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Supported by  Alcohol Research UK web site Society for the Study of Addiction web site Skills Consortium web site. Opens new window
Matrix Row logo Alcohol Treatment Matrix row 5: Safeguarding the community
Row 5 is about treatment intended to safeguard the community. A common theme is the contradiction between treatment centred on the patient’s welfare, yet offered within a system which prioritises the wider community, and sees the patient essentially as a threat. That divide is regularly and productively bridged, but not without difficulty, and sometimes not well enough for research to discern the intended benefits.


Cell A5 Treatment not for the patient, but for the community
A core contradiction is illustrated by the cover of guidance from the World Health Organization on treating problem-drinking prisoners. Its subtitle, An opportunity for intervention, is belied by the barbed wire-topped wall. How could such an environment host productive intervention? Yet those same walls create the ‘dry space’ in which change seems possible.

Cell B5 What if the therapist … is also the jailer?
Title poses the dilemma for treatment staff who may be (seen as) allied with authorities which control or punish the ‘client’, or threaten to remove their children. Explores whether in these situations exceptional abilities are needed to forge therapeutic relationships, and invites you to ‘stress test’ a proposed universal rule: The trickier the situation, the more the worker matters.

Cell C5 The most difficult management task in the addictions field?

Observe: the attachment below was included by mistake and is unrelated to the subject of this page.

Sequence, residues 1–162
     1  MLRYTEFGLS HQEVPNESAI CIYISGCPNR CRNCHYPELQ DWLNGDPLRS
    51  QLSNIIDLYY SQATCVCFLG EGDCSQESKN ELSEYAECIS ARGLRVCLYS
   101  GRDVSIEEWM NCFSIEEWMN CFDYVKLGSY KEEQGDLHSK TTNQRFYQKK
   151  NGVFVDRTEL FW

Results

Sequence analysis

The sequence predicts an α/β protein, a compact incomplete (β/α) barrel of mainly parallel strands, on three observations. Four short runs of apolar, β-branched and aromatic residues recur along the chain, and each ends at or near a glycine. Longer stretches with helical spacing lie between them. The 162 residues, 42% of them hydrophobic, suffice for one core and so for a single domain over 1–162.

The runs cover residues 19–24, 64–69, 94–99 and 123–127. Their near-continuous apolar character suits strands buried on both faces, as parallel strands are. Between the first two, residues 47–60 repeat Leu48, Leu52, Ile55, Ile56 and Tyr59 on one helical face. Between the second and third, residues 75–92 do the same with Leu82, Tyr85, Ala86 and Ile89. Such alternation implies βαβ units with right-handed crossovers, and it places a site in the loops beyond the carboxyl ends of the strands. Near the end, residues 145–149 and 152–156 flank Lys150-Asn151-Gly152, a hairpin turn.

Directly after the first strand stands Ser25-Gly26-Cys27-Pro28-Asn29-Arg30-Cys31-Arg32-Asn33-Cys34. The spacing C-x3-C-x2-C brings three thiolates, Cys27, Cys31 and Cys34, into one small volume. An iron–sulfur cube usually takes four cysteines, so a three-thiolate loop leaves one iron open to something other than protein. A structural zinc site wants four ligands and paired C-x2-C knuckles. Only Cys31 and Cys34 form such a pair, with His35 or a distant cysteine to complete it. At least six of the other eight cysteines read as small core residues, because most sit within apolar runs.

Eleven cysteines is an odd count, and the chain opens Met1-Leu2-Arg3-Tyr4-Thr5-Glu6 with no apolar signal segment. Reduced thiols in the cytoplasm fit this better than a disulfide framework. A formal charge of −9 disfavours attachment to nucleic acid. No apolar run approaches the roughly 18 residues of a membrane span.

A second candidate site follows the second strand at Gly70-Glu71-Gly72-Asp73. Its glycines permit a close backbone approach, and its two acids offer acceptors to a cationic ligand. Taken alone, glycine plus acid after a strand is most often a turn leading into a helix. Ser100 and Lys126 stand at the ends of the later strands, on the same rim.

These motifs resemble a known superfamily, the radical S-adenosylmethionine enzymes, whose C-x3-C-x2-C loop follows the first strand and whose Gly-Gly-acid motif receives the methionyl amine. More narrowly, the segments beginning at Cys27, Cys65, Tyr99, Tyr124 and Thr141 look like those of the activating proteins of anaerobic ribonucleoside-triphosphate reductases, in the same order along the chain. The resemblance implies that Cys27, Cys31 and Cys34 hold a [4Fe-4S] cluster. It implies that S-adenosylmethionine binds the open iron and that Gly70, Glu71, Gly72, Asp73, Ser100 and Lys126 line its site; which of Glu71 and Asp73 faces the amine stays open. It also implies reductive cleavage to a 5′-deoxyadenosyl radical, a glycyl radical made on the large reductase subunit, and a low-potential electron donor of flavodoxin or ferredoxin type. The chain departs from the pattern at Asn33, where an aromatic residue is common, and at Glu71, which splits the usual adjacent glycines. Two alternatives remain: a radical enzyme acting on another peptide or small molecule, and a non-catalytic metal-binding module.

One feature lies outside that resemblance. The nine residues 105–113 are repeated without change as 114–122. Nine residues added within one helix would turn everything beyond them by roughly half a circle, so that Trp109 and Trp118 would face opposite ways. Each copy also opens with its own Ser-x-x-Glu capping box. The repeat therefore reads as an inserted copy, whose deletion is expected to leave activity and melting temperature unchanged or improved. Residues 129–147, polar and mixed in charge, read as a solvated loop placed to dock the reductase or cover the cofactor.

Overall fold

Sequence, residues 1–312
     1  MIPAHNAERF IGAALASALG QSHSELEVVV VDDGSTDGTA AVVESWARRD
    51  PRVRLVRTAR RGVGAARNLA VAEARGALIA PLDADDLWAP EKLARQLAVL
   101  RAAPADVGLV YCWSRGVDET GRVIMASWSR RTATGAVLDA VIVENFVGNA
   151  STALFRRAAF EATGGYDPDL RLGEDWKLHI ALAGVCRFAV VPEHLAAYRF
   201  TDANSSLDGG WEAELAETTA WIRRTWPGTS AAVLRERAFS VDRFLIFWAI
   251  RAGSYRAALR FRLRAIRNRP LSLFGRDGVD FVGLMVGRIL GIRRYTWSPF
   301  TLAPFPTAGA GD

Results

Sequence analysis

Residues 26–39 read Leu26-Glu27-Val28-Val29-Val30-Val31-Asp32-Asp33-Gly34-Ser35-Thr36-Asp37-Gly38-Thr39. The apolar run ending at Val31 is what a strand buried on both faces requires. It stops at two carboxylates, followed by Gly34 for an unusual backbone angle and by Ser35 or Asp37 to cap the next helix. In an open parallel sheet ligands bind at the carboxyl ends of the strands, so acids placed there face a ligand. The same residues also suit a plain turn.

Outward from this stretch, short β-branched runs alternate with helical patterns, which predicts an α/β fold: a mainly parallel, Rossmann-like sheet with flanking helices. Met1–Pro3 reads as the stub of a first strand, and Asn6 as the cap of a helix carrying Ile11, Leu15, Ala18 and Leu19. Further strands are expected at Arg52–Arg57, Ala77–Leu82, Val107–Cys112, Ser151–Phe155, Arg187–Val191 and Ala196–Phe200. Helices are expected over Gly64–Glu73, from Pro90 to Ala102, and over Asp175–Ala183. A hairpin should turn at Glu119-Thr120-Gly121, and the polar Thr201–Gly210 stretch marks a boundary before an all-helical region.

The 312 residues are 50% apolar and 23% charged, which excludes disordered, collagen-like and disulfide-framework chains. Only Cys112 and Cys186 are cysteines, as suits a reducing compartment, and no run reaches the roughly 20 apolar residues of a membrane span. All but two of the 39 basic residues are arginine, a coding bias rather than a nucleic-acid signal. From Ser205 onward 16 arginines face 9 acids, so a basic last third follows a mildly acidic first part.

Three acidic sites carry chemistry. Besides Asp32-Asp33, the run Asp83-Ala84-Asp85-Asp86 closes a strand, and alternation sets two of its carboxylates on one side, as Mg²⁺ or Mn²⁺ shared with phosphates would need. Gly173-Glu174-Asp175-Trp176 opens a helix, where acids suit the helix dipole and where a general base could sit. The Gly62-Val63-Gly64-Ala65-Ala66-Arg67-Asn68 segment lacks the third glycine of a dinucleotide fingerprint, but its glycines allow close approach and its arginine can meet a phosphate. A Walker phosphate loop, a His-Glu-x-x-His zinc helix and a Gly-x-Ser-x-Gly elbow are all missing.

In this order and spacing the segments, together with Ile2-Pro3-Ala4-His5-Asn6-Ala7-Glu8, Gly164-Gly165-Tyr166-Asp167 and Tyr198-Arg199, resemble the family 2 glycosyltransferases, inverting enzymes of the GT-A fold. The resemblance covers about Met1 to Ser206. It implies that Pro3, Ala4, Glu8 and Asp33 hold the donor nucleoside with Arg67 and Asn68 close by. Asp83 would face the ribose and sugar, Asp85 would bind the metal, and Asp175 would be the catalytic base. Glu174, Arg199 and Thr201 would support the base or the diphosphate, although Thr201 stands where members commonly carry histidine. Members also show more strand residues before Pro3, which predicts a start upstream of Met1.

Asked of managing ‘wet’ centres where street drinkers can continue to drink, the title question could have been asked of managing treatment generally when controlling the ‘patient’ is high on the agenda. Discusses a rare trial of the influential ‘risk-need-responsivity’ model, and asks whether cognitive-behavioural approaches are the way to go.

Cell D5 When it comes to treatment for offenders, is small beautiful?
Explores the influence of an organisation’s structures and processes on how well it delivers treatment in criminal justice and allied settings. In the context of a market which drives treatment organisations to grow ever bigger, on the basis of US research we ask, “Is small beautiful?”. Coercive contexts enable the imposition of treatment contacts, but do they also undermine the quality of those contacts?

Cell E5 The right ingredients for criminal justice/health collaboration?
Last cell explores systems for treating problem drinking offenders and parents. We invite you to benchmark your own systems against a review’s key ingredients for partnership working, to ponder why drinking is prominent in sending thousands to prison, yet not in services provided in prison, and to question how far collaboration should go: do ‘shared goals’ in practice become those of the criminal justice system?